Here’s one of those songs that didn’t necessarily get a lot of airplay, but boy did I love it. It’s a little weird to think about this ode to lost love being sung by a father/daughter duo, isn’t it? Dara Sedaka more than holds her own with her famous and oh-so-talented father. I guess the apple doesn’t fall far from the tree.
And Neil Sedaka? The guy is a music machine! He’s older than my mother and he’s still touring – can you believe that? He was a teen idol in the 1950s and wrote who knows how many hit songs for other people besides the ones he recorded himself. I started looking on his website at his discography and the sheer number of albums he’s recorded is amazing. I love the duet with his daughter, but I also really like this one too.
I used to wish I had a famous father who could maybe give me a leg up into the music industry. But while I didn’t have a famous Dad, I DID have am amazing stepfather who tried his best to encourage the artist in me. He didn’t pretend to understand or like the kind of music I listened to. You may recall that he mercilessly slandered Barry Manilow and his nose. My stepdad sang in Southern Gospel quartets off and on during my growing up years, and he distrusted Amy Grant’s brand of Christian music. and he didn’t hesitate to tell me so. I was shy and awkward as a teenager (weren’t we all?) and although I sang in the high school choir and the Pop Group (your school might have called it something else, but you had to audition for this group) I wasn’t brave enough to go out for all the big parts in the school musicals or the solos. My stepdad always made a point of telling me that as good as I thought the “star” of the show might be, I had the talent to do the very same thing. He told me I was a good singer. You can’t overstate how important that is to a young girl, to have her father or “father figure” give her a sincere compliment.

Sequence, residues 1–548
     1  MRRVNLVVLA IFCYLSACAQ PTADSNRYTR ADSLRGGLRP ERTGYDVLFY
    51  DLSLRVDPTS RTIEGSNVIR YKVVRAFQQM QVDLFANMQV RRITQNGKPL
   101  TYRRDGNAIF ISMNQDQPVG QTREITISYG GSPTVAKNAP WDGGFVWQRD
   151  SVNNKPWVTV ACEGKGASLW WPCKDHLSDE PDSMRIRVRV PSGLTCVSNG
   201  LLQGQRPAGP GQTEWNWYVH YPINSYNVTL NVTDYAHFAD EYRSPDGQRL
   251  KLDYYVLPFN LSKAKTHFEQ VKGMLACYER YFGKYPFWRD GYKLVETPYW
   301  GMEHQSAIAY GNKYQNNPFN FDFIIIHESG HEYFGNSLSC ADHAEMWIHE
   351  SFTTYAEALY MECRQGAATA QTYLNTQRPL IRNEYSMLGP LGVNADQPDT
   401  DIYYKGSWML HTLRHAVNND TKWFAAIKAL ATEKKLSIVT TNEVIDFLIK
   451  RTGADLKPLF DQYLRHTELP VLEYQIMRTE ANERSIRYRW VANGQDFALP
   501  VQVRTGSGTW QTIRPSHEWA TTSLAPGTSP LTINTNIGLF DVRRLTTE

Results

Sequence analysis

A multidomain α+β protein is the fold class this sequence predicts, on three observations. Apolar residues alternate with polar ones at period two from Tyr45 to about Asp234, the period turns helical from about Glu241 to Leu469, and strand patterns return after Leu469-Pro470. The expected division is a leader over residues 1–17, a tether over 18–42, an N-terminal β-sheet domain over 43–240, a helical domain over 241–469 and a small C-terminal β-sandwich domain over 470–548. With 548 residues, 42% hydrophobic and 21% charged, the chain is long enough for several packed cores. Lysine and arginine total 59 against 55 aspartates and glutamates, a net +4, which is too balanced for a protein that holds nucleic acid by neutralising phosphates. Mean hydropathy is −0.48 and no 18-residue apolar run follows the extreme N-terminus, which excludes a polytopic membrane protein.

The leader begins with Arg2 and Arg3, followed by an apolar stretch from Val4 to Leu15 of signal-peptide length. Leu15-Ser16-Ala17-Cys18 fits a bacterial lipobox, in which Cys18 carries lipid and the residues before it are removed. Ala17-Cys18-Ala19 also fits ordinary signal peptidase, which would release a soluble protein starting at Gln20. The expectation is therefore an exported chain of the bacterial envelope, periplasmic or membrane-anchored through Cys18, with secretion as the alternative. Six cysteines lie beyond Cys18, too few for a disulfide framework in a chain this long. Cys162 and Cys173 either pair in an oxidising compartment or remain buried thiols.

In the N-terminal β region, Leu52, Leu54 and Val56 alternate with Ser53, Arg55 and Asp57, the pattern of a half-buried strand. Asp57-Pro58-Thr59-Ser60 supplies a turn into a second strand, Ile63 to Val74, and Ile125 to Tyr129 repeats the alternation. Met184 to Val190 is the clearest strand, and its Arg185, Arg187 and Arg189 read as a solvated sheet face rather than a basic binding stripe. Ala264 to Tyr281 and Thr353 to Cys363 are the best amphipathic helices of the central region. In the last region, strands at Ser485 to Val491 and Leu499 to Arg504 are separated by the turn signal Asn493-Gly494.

My stepfather passed away when my middle daughter was only two years old, but it amuses to think about what he’d say about the popular music we hear today. And I know he’d be incredibly proud to see that she’s carrying on the family tradition of praising God with her vocal talents, even though he’d probably dismiss the style as “that contemporary junk”.